Since January 2004, Trolley Scan have been supplying 200uW versions of transponders, that is a 250 times improvement on the originals. We now have a new transponder which is also passive, is attached to metal items, and uses just 40 microwatts (uW) of power, that is 1350 times less power than the originals.

This dramatic improvement over time, has meant greatly increased range for operation. It also has led to reduced energising power being needed from the reader, which means smaller RF amplifiers and the ability to use lower gain antennas which can spread the power over a wider angle increasing the area of coverage. The lower power needs of the new transponders also means that portable readers which can operate on batteries for a reasonable time and yet give a 10 metre read range are practical.

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About Trolley Scan (Pty) Ltd
Trolley Scan have proven to be a major creative force in the development of UHF RFID technologies.

The staff of Trolley Scan, which was founded in 1995, have a pedigree that goes back to 1990 when the first low cost RFID protocol was developed by the founder while working for a South African government research organisation, culminating in 1994 in the demonstration of a supermarket trolley containing 38 items being scanned automatically in a supermarket in Pretoria. In 1998, the founders of Trolley Scan developed an entirely new set of protocols for UHF RFID which they have been actively promoting. They also have addressed the situation of the 3 dimensional scanning of goods, and have developed a very low power RFID version which they commercialise under the EcoTag trademark.

In August 2005 Trolley Scan invented RFID-radar. Trolley Scan are based in Johannesburg South Africa.

Trolley Scan licence their patents and technology to companies around the world who wish to produce this technology. Trolley Scan have sold RFID systems to users in 50 countries.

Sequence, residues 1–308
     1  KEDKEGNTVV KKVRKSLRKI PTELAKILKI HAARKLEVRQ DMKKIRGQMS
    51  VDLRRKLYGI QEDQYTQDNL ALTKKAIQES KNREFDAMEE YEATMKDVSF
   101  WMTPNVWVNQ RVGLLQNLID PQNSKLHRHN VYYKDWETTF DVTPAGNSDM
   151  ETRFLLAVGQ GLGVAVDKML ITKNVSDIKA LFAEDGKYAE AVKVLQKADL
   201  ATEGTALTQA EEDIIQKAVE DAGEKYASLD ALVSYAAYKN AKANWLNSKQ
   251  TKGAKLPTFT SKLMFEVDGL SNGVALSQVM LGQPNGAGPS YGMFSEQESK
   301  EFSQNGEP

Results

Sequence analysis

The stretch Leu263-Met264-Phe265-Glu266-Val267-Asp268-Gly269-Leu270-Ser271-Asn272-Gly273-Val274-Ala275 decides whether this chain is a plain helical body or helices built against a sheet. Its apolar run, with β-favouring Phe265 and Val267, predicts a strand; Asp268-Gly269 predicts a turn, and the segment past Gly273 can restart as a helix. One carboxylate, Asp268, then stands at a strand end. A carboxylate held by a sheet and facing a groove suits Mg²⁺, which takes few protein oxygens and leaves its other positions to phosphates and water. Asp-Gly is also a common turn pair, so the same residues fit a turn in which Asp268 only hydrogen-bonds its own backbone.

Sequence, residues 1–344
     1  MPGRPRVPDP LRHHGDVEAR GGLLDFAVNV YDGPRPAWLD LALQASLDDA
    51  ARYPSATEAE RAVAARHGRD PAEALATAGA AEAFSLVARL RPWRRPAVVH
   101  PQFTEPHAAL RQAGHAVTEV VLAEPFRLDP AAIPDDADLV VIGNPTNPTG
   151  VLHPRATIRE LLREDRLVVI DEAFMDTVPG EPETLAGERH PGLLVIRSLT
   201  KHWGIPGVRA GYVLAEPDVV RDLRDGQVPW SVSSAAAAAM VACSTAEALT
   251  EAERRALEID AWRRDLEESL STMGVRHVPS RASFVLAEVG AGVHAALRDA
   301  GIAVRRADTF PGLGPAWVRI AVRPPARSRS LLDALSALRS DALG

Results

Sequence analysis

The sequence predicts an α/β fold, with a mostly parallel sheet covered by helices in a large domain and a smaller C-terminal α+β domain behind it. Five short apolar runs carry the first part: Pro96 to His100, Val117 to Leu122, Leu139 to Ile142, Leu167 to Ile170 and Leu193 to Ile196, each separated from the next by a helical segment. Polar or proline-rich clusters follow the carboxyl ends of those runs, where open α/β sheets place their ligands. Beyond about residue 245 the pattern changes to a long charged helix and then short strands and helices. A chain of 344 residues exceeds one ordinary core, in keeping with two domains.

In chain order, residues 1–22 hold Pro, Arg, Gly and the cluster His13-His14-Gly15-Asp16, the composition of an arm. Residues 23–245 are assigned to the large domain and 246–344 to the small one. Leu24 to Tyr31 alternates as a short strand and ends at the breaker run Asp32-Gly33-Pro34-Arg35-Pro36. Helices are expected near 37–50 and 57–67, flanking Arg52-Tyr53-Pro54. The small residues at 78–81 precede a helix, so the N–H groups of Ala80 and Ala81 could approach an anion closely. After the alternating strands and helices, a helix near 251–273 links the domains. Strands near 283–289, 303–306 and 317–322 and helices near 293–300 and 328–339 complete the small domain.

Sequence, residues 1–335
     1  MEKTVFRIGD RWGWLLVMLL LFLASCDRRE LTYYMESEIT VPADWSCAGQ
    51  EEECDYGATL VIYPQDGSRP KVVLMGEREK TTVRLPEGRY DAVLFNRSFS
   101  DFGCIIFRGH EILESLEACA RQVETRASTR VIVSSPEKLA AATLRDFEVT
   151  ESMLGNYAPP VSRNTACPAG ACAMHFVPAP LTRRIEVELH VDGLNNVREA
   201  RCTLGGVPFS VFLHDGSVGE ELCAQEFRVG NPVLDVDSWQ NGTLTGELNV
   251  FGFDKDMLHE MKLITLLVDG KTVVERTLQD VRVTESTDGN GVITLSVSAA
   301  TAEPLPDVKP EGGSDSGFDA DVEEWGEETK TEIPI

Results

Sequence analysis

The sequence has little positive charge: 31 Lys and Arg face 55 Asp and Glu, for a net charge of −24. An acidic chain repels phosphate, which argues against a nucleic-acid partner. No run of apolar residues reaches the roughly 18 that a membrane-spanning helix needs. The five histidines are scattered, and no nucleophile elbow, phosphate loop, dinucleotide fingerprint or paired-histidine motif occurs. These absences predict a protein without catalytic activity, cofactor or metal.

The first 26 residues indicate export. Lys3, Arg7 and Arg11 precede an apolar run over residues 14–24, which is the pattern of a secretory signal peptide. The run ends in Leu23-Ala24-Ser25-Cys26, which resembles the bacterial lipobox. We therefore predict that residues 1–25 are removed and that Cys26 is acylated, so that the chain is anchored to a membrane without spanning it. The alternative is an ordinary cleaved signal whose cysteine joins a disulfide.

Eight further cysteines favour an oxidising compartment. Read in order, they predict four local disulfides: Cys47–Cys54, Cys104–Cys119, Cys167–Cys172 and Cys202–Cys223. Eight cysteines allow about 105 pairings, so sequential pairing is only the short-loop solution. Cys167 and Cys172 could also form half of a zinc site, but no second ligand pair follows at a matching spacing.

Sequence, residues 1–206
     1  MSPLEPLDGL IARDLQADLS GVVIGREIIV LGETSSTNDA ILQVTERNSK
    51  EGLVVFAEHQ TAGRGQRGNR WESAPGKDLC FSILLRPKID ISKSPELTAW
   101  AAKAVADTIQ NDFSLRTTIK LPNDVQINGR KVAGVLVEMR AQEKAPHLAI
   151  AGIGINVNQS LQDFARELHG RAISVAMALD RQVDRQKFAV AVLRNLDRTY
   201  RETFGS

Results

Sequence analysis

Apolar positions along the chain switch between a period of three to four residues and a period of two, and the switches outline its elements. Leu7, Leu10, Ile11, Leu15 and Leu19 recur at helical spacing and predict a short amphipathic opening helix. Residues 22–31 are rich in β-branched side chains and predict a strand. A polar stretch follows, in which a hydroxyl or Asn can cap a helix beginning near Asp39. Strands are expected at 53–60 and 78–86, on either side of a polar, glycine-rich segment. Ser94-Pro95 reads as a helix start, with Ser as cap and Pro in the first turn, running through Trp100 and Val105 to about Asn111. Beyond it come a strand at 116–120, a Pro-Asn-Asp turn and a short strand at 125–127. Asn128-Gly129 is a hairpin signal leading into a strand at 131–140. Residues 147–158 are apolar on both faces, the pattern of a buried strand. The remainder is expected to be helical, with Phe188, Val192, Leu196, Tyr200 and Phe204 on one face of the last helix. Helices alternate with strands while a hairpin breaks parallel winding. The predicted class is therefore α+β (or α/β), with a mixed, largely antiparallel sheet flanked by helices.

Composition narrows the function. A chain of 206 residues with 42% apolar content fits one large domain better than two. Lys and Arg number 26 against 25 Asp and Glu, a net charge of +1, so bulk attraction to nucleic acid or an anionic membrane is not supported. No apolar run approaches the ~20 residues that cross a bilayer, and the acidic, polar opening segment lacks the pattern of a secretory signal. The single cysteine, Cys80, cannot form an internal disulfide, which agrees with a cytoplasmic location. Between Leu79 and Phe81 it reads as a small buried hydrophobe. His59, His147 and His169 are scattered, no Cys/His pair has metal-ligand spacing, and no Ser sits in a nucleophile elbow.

Complete systems can be ordered via their website at www.trolleyscan.com.

RFID systems comprise of a transponder that is attached to the goods to be identified and a reader that converts the information in those transponders to a computer compatible format for processing. The transponder can consist of a simple antenna and a small integrated circuit that can be produced at low cost. Operating in the 860 to 960 MHz (UHF) band, the transponder can be identified meters away from the reader, can be identified in a group with up to 1000 other transponders when being read, and can be identified very quickly. In view of the system using radio waves for energy and information transfer, it is not necessary for the transponder and reader to be in line of sight.

Potential use of these systems is extensive, from herd animal tracking, library books, pallets, warehousing, bank and postal bags, asset tracking, laptop tracking, airline luggage, vehicle monitoring (access and parking), to intelligent buildings (tracking files, documents and assets moving around an office to minimise finding time).

The ultimate goal is to use these transponders with their inbuilt anti-shoplifting features to replace the barcodes labelling goods in a retail store allowing filled supermarket trolleys to be scanned in seconds in unmanned self-service checkout aisles.